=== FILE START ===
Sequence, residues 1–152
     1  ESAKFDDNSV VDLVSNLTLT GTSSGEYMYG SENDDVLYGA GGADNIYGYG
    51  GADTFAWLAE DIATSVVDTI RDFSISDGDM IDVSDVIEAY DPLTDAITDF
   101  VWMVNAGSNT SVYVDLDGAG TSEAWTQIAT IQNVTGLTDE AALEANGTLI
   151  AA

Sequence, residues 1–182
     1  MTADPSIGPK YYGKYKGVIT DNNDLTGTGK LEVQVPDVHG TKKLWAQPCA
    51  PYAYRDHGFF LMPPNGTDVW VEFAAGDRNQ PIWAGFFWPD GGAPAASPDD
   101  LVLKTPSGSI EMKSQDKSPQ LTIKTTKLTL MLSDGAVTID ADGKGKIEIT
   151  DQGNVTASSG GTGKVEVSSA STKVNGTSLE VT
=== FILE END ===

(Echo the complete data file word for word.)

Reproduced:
Sequence, residues 1–152
     1  ESAKFDDNSV VDLVSNLTLT GTSSGEYMYG SENDDVLYGA GGADNIYGYG
    51  GADTFAWLAE DIATSVVDTI RDFSISDGDM IDVSDVIEAY DPLTDAITDF
   101  VWMVNAGSNT SVYVDLDGAG TSEAWTQIAT IQNVTGLTDE AALEANGTLI
   151  AA

Sequence, residues 1–182
     1  MTADPSIGPK YYGKYKGVIT DNNDLTGTGK LEVQVPDVHG TKKLWAQPCA
    51  PYAYRDHGFF LMPPNGTDVW VEFAAGDRNQ PIWAGFFWPD GGAPAASPDD
   101  LVLKTPSGSI EMKSQDKSPQ LTIKTTKLTL MLSDGAVTID ADGKGKIEIT
   151  DQGNVTASSG GTGKVEVSSA STKVNGTSLE VT